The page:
Some Kind of Megalomaniac: James Parker on the Dandy Warhols-Brian Jonestown Massacre documentary Dig! (Arthur, 2004)

Some Kind of Megalomaniac

The unfamous also feud, as James Parker finds in Dig!, a feature-length film documenting the decade-long love/hate thing between the leaders of the Dandy Warhols and the Brian Jonestown Massacre

Originally published in Arthur No. 12 (Sept. 2004)



(Palm Pictures, released October 1)

Directed by Ondi Timoner

In order to really dig DIG!—an intimate, warmly detailed portrait of the decade-long love/hate thing between Courtney Taylor (of the Dandy Warhols) and Anton Newcombe (of the Brian Jonestown Massacre)—you have to buy into the idea that Newcombe is a genius. It’s important, this, and just about everyone onscreen testifies to it sooner or later: Newcombe is a GENIUS. He pushes the boundaries, burns with a hard, gem-like flame, is monstrous in his talent, must be compared with Manson, God, Hitler and Lou Reed, and so on. It’s the one point on which this otherwise swinging, confident movie insists a little anxiously.

The Dandy Warhols and the BJM were, very briefly, artistic confederates. Fellow retro-ites and stylists, they played together, swapped ideas and—doubtless—pairs of trousers, and their careers advanced in parallel for about two minutes before the Dandys got the major label deal which still eludes the BJM. Thereafter, the two bands were each other’s nemeses. Anton Newcombe became the unrewarded GENIUS raging in obscurity, Courtney Taylor the limelit, slightly guilt-afflicted music-biz hustler. DIG!, narrated by Taylor (because history is written by the winners), covers just about every key point in the relationship, from Newcombe’s innocent rhapsodies about “this really rad band, the Dandy Warhols” to his first anti-Dandy song “Not If You Were the Last Dandy On Earth” (a riposte to the Dandys’ radio hit “Not if You Were the Last Junkie on Earth”) to the moment he sends the band a box of individually wrapped shotgun shells with their names on them.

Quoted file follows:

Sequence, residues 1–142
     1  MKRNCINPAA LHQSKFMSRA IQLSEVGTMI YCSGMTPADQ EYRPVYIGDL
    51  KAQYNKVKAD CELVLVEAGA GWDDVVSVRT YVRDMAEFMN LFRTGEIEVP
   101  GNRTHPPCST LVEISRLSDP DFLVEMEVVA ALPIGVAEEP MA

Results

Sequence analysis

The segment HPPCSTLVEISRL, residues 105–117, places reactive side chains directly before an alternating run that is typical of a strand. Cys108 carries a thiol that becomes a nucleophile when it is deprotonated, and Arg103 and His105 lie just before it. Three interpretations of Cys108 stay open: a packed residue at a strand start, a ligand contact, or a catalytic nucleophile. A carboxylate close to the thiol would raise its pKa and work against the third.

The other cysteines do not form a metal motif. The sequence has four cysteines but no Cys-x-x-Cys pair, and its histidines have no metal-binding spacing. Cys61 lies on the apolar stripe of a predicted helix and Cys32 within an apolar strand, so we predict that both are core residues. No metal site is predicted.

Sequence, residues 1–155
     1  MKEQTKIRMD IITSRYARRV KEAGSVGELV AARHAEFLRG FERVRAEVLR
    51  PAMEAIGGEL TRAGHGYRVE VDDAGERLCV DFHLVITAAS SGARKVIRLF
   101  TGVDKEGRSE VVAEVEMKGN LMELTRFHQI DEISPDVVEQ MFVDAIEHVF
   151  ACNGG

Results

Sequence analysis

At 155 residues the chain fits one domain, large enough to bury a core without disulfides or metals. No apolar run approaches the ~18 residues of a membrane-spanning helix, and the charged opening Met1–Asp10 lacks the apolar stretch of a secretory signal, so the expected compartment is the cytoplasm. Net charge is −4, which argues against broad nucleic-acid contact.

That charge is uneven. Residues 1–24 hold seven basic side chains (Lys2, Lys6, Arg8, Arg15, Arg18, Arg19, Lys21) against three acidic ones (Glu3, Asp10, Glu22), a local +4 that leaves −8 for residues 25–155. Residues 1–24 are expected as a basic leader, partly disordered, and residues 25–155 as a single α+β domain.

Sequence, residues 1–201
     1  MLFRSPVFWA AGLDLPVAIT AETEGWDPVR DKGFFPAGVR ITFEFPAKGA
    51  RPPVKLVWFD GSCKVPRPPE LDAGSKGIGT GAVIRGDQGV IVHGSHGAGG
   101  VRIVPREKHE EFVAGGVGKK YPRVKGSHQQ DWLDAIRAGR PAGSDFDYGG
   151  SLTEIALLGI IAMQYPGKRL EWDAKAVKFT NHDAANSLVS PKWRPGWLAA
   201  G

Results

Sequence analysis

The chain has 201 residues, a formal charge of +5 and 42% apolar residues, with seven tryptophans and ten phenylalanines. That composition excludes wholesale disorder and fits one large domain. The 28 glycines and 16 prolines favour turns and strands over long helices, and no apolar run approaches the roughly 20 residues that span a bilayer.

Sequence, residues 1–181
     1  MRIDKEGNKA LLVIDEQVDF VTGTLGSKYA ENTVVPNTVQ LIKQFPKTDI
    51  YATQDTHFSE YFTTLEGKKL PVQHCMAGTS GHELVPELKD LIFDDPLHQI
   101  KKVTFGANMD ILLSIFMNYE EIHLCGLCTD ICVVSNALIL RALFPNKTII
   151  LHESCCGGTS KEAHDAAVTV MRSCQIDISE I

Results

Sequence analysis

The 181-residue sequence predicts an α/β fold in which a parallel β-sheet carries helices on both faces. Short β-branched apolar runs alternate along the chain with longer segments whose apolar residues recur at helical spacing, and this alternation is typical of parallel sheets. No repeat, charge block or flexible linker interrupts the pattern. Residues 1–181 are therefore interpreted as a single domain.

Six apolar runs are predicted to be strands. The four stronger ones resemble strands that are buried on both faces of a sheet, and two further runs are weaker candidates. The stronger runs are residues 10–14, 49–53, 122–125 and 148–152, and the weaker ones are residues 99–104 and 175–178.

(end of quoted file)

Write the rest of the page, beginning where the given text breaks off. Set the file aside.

Success, in our imaginations at least, is just success —static, constant,some sort of white-lit plane, like heaven. Failure on the other hand is many things, a very mulchy and soulful state, and so DIG is inevitably more interested in the disastrous trajectory of the BJM, about whom the first thing you notice is not the blurting and blustering Newcombe—“I play 80 instruments. Yeah! Weird fuckin’ Chinese shit!”— but the amazingly pointless Joel Gion. Gion (hairstyle, cigarettes) is one these extra or ‘trophy’ members that a lot of your more berserk bands seem to have, to signal the sheer anarchic superfluity of their energy—like Bez in Happy Mondays, or almost any of the Butthole Surfers. In Gion’s case he implements the BJM aesthetic by standing at stage-front looking down his nose and half-arsedly wagging a tambourine. A very pure artist, untainted by actual creation, Gion’s main job seems to be keeping his balance after monster ingestion of drugs. On his little Chelsea bootsoles he teeter-totters, sneering. His clothes are black, his hair is classic through-a-hedge-backwards, and on his pear-shaped face is that expression of somnolent haughtiness we associate with Dr Seuss characters; in fact the longer you look at him the more Seussian he gets—remote, effete, insolent, with tassels for hands, and a name like the Fazoon or the Sprong . ‘Do not look long on the infamous Sprong/ The tilt of his chin is wrong wrong wrong’…

Anyway, Gion turns out to be a witty fellow and quite undeluded—the yang of BJM, if such a thing could be said to exist. Newcombe on the other hand has no sense of humor—none. You can’t be a megalomaniac perfectionist and have a sense of humor.

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